Discussion Nine: Juliette and Jennifer

Juliëtte van Duijnhoven, a postdoc researcher at Eindhoven University of Technology, interviewed Jennifer Veitch via Skype on 31st Jan 2020

What makes a good lighting researcher? We learn from Jennifer that a degree in chemistry and low project budgets are not necessarily a hindrance; what can help are a good PhD supervisor, inspirational colleagues and an ability to imagine crazy things.

Jennifer also reminds us of what is probably a common, but commonly ignored, problem in human factors research: “the interpretation of the participants was not what I initially expected it to be.”


Discussion Eight: Aicha and Martine

Aicha Diakite, a PhD student at Technical University Berlin, interviewed Martine Knoop.

What is the most fun: Shaping the new generation? Or creating new knowledge?

Martine tells us about her role models, the benefits of basketball and swimming, and the joy of spreadsheets.  


Discussion Seven: Clotilde and Jan

Clotilde Pierson, a PhD student at Université Catholique de Louvain, interviewed Jan Wienold.

Conferences are an essential component of science. Jan describes how informal discussion with enthusiastic researchers can lead to new ideas, and suggests that difficult questions after a presentation can lead to better research. 

Jan also raises an issue which should concern us all: “research in the last years is mainly focused on producing very fast results without focussing on the thoroughness”.


Discussion Six: Michael and Peter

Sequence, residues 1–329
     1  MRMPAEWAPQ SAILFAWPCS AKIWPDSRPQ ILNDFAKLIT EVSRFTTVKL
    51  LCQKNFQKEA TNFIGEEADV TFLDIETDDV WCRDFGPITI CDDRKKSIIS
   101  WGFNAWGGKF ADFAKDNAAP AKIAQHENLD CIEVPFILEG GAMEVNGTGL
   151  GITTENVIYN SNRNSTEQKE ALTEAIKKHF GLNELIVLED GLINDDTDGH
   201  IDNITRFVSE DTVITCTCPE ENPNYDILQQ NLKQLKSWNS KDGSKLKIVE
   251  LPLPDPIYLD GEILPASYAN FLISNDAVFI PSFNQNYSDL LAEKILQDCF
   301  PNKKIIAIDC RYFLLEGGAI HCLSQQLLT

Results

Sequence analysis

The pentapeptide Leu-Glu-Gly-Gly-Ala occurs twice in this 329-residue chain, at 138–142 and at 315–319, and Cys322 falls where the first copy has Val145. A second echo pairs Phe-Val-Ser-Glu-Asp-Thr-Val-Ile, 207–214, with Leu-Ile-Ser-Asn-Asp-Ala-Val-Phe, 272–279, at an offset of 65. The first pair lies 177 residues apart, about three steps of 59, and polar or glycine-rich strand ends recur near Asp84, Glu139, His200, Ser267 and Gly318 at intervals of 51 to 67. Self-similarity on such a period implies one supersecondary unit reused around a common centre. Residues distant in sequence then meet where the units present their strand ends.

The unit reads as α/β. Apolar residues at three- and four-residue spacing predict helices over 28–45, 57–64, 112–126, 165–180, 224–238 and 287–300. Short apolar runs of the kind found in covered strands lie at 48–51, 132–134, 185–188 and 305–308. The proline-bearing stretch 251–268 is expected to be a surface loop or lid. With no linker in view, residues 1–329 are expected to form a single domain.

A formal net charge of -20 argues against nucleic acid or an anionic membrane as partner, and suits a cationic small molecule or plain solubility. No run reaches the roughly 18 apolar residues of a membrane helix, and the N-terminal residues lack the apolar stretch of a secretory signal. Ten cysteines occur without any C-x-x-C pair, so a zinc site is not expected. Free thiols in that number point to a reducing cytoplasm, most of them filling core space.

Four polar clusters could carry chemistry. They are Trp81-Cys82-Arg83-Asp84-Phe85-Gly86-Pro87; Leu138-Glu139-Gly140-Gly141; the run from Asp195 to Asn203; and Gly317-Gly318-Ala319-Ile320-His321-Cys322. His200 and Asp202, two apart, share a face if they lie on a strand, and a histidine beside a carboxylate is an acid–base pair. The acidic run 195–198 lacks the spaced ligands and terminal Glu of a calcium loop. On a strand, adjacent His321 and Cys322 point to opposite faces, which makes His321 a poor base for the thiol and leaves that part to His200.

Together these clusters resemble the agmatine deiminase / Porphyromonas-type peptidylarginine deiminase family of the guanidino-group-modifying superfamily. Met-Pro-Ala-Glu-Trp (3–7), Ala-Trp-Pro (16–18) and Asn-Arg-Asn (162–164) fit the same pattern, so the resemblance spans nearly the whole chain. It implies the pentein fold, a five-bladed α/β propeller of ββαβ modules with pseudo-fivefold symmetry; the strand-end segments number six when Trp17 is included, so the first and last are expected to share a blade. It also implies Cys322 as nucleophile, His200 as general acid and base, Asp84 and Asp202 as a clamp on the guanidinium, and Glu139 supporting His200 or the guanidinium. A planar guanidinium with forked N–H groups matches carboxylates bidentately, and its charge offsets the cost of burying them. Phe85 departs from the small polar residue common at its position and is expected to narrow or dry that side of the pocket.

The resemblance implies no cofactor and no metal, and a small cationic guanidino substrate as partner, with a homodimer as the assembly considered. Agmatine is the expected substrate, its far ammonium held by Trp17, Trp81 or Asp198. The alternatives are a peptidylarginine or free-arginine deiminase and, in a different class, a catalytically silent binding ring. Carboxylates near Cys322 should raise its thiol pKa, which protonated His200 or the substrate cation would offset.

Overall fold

Michael Kent, a researcher at the Berkeley Education Alliance for Research in Singapore, interviewed Peter Tregenza, formerly chairman of the Lighting Research and Technology editorial board and Head of the Sheffield University School of Architecture.

Peter Says “It is not calculations that are important, a machine can do those. You have got to answer the question ‘What is actually happening here?" 

Read the interview to find out more about his research achievements, his view on retirement, and the help he had from a winner of the Nobel Prize for economics.


Discussion Five: Antonello and Kit

Antonello Durante, a PhD student at Dublin Institute of Technology, interviewed Kit Cuttle over skype on November 28th 2018.
Kit says “It has been the people … that have really driven my interest in lighting” Read the interview to find out how his career was influenced by Derek Philips, Joe Lynes, Mark Rea and Howard Brandston.


Discussion Four: Kiran and Mark

Kiran Maini Gerhardsson (Doctoral student in environmental psychology at Lund University; Illustrator/architect at Pecan Studio) met Mark Rea, June 2017.
KMG: Do you wear sun glasses?

MR: I do, but not in the airplane

Read the whole transcript to find out why sun glasses are an interesting topic for lighting researchers

Discussion Three: Kiran and Steve

Kiran Maini Gerhardsson (Doctoral student in environmental psychology at Lund University; Illustrator/architect at Pecan Studio) met Steve Fotios, April 2017.

In a wonderful display of shrewd planning, Kiran set up this interview without Steve being aware until the end of the intended purpose. 
KMG: Any publication you are particularly proud of ?

SF: … a review of the Kruithof curve … When you look at credible evidence, it is not supported ... But I suspect that conclusion will be ignored because people like a nice simple rule.